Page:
Schizophrenia.com

Psychologies - Why adults are going back to colouring books


#1

Colouring in may well be something you remember fondly from your childhood – or indeed something your own children enjoy now.

But this simple activity has been making headlines lately, especially in France, where colouring books for grown-ups are selling faster than cook books, according to trade publication Livres Hebodo. And many Facebook groups dedicated to displaying colouring and offering tips on where to find the best books or art materials have sprung up across the channel as a result.

https://psychologies.co.uk/why-adults-are-going-back-colouring-books


#2

My sis still uses coloring books when I’m having a bad day. She’ll just quietly break them out and calmly color, and eventually so will I. Now that she’s dealing with our other brother… she’s been downloading “positive affirmation” coloring pages.

She has used coloring books as sort of a calm activity for years. Just because she likes them… who knew.

That is one thing I remember during my time in hospital and my stint in the group home… my sis and her coloring books. She has a continual stash in her babysitting bag.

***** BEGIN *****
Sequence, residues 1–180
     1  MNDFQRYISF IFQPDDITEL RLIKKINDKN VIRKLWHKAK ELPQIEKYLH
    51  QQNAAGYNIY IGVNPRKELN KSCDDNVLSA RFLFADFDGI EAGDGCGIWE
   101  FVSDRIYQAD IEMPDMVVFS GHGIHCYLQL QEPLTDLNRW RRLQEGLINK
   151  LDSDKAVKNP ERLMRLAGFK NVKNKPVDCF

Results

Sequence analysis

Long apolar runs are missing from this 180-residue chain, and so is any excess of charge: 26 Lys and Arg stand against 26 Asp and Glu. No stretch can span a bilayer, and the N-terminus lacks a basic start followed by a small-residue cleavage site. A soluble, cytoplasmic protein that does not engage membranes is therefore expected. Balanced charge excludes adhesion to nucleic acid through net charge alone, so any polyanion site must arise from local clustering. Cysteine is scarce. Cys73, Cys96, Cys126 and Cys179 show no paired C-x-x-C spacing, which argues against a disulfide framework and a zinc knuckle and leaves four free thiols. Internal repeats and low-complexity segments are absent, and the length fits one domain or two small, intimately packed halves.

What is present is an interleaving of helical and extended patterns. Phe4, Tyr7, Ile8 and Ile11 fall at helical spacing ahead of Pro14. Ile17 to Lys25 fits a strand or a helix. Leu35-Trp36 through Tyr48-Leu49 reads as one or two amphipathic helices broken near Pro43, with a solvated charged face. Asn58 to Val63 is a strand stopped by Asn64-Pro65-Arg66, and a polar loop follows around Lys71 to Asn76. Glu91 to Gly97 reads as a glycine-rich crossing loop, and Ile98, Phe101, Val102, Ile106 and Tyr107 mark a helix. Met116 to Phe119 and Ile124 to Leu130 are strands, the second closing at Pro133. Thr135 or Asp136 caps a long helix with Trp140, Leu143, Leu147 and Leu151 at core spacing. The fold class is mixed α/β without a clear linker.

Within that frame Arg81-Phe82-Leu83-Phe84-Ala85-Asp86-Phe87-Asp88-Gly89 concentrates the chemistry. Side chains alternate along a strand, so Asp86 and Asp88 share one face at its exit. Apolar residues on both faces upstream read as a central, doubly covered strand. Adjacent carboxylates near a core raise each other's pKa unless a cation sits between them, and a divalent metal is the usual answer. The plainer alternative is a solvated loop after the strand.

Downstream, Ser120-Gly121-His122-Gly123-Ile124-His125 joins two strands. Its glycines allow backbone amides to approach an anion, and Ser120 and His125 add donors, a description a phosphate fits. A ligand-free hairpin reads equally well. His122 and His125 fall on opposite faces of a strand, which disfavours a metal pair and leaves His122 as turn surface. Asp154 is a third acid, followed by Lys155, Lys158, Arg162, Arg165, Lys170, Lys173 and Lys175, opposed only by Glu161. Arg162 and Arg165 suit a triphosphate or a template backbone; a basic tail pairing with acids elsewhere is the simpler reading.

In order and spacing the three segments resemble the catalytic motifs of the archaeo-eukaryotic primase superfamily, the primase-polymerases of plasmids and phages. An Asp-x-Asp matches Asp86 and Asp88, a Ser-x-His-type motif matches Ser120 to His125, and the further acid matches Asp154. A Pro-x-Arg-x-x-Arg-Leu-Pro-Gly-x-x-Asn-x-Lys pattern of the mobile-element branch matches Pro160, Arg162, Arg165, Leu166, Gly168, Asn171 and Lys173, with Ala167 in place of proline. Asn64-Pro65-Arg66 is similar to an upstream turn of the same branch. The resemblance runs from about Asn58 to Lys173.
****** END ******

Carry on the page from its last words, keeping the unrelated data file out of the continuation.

She doesn’t say anything… she just sets it out there with some crayons and she’ll set to work on hers… and eventually, your brain just HAS to pick up the crayon.


#3

I tried coloring years ago. I got bored with it - I don’t know.


#4

My mother enjoyed coloring books. It was very relaxing for her and she often colored with the grand-kids.


#5

I like coloring books. I have a couple. One is mandalas, geometric shapes, flowers, and birds. I’m bringing them with me on my trip to Cali. Its an 8 hour trip with a layover in Chicago. I find coloring very relaxing. I like using colored pencils or watercolor pencils with a paintbrush. I’ve gotten into Spectrum Noir markers which are like Copic’s but cheaper. I also like rubber stamping and then coloring in the stamped images. I did these stamped peonies and then watercolor painted them.